Checking in is a crucial step passengers must complete before they board a plane. This process involves registering for a boarding pass and ensuring that bags and other belongings are ready for the luggage compartment.
Presently, there are various methods for checking in encompassing both offline and online options. In this article, I will explain these different methods.
Before explaining the methods of checking in, let's discuss the preparations required for a seamless check-in experience.
The main requirement for check-in is a valid form of identification. For domestic flights, either an ID card or a passport is acceptable. However, for international travel, a passport is mandatory.
Another necessary item is your airplane ticket or proof of purchase. This is often sent via email post-purchase. You have the option to either print the ticket or present a digital version at check-in.
Many airlines today verify passenger identities without needing a physical ticket, as the information is already in their system. However, you can also have your ticket ready just in case.
When packing checked baggage, first check whether or not you are bringing any of prohibited items. To learn more about these restrictions, refer to airline guidelines on banned items in checked baggage.
For added protection, consider wrapping your luggage in plastic. Wrapping services are available at most airports and can be done for a fee to safeguard your belongings from damage during transit.
Boarding a plane differs significantly from catching a train. While you might board a train just before it departs, airports and airlines have strict check-in time limits that all passengers must follow.
These limits are crucial as they allow staff to complete various pre-flight procedures, such as loading luggage. Missing the check-in deadline means you cannot board the flight.
For domestic flights, check-in counters at airports open two hours before the flight's scheduled departure. They close 45 minutes before departure, so passengers have approximately 1 hour and 15 minutes to check in.
Check-in for international flights starts earlier, typically three hours before departure. However, these counters close earlier than domestic ones, usually one hour before departure.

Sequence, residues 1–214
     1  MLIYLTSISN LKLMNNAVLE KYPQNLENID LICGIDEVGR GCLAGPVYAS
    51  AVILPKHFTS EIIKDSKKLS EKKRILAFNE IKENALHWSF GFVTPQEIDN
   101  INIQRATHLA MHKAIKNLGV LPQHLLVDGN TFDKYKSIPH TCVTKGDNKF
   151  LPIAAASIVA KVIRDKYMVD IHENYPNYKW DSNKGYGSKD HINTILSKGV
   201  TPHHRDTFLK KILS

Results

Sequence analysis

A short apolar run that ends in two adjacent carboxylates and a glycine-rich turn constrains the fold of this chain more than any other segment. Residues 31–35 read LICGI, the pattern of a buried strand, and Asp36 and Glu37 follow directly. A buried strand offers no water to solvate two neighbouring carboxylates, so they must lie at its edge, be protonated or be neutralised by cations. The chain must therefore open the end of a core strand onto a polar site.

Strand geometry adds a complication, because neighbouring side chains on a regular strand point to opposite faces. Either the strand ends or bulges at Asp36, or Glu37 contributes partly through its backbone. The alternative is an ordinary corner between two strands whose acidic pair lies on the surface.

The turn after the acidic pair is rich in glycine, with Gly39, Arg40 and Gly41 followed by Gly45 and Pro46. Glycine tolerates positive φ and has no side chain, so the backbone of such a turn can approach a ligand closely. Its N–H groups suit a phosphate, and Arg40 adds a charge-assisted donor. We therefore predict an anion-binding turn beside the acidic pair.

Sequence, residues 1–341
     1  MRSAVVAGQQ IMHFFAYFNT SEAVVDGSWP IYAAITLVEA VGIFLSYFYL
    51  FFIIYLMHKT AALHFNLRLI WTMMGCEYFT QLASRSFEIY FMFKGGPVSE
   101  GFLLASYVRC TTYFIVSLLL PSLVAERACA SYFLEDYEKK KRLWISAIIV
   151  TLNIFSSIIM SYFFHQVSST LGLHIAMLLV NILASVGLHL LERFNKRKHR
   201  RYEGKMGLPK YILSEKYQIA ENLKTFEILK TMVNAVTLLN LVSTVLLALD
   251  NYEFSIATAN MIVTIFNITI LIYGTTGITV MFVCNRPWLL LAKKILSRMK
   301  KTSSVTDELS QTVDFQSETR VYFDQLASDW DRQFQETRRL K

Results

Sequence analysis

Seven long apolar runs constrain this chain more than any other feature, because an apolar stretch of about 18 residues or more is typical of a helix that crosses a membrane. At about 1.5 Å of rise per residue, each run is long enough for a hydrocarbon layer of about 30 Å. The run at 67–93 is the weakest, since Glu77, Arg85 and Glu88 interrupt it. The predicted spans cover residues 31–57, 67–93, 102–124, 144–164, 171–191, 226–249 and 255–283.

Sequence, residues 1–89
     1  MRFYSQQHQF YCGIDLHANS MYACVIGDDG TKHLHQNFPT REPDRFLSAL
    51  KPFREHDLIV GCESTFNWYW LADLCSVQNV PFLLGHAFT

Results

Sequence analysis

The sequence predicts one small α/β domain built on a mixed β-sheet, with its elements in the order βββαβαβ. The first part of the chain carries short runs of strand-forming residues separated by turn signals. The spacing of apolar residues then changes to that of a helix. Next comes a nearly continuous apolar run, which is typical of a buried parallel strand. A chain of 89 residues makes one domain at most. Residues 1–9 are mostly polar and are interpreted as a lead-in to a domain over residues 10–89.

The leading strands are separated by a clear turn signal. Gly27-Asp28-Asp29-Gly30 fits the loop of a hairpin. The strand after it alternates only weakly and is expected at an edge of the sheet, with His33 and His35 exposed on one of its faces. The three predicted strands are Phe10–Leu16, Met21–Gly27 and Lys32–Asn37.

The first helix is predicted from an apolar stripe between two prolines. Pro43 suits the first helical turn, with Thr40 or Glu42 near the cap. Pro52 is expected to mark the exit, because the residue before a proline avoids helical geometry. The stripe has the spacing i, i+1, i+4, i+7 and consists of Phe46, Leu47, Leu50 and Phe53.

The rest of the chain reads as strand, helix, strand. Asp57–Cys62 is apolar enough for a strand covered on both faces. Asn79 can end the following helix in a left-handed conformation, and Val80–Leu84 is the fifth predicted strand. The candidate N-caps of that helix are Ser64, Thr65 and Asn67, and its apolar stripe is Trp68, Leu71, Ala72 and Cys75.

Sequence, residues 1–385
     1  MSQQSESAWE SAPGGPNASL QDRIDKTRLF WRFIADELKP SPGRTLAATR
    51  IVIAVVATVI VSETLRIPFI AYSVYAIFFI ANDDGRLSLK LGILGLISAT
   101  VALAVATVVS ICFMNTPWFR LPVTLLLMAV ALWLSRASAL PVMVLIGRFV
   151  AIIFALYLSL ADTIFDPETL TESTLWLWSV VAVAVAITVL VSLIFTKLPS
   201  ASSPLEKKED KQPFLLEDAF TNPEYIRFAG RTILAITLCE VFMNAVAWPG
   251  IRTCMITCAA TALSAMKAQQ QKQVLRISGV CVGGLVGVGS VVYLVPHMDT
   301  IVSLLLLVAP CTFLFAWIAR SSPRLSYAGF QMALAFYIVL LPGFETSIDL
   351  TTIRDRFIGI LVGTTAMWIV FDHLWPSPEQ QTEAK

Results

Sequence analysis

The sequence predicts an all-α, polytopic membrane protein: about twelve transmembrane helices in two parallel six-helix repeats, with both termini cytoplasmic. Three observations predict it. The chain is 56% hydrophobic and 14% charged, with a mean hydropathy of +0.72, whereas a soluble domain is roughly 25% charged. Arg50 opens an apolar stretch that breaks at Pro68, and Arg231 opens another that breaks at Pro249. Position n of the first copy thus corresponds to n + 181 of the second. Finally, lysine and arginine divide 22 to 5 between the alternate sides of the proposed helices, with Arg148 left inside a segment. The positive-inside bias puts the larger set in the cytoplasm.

Passengers who prefer online check-in have the opportunity to do so 24 to 72 hours before departure. Some airlines even offer this service starting 7 days before the flight.
The deadline for online check-in generally aligns with that of offline check-in. For domestic flights, this deadline is 45 minutes before departure, and for international flights, it's one hour before departure.
As I mentioned above, checking in for an airplane involves several methods, and understanding these can make your travel experience smoother. Here are the steps for the different check-in methods:
The most traditional method at all airports is counter check-in, where you simultaneously check in and drop off baggage. First, consult the airport's information screens to locate the appropriate counter for your flight.
Upon reaching the counter, present your ticket and identification. If you have luggage or items to stow in the aircraft's hold, this is where you'll check them in.
The counter staff will inspect your luggage for prohibited items. Once cleared, your luggage will be taken away by a conveyor belt.
After completing the check-in process, you'll receive a boarding pass detailing your seat assignment, boarding time, departure gate, and other essential information. If you need help understanding your boarding pass, check this article or ask airport staff for help.
This method is increasingly popular at major airports. It involves using a check-in kiosk located near the counters. At the machine, you'll need to scan your ID or passport and enter your ticket number.
If the details are correct, the machine will print your boarding pass. Should you have luggage to drop off, proceed to the counter as in the first method. However, if you're traveling without checked baggage, you can head straight to the security check area.
A cutting-edge method I recently encountered is at Changi Airport in Singapore, although it might be available at other airports too.
Here, passengers can complete both check-in and baggage drop using a machine, bypassing the need for counter interaction. For detailed steps on this process, refer to the article below:
Online check-in has become increasingly popular. Passengers don't have to wait in long lines at the airport check-in counters.
This process can be completed via the airline's official website or mobile app. Typically, it involves entering your identity number and confirming a few details about your flight.
Upon completing online check-in, you'll receive a digital boarding pass, which serves the same purpose as a traditional one. With this digital pass, you can proceed directly to the boarding area.
What about luggage? If you have bags to check in, you'll still need to visit the check-in counter at the airport. However, airlines often provide a dedicated drop-off counter for those who have checked in online, minimizing wait times.
In summary, these steps outline the various check-in options available for air travel. Whether you're a first-time flyer or a seasoned traveler, this guide aims to simplify your pre-flight experience.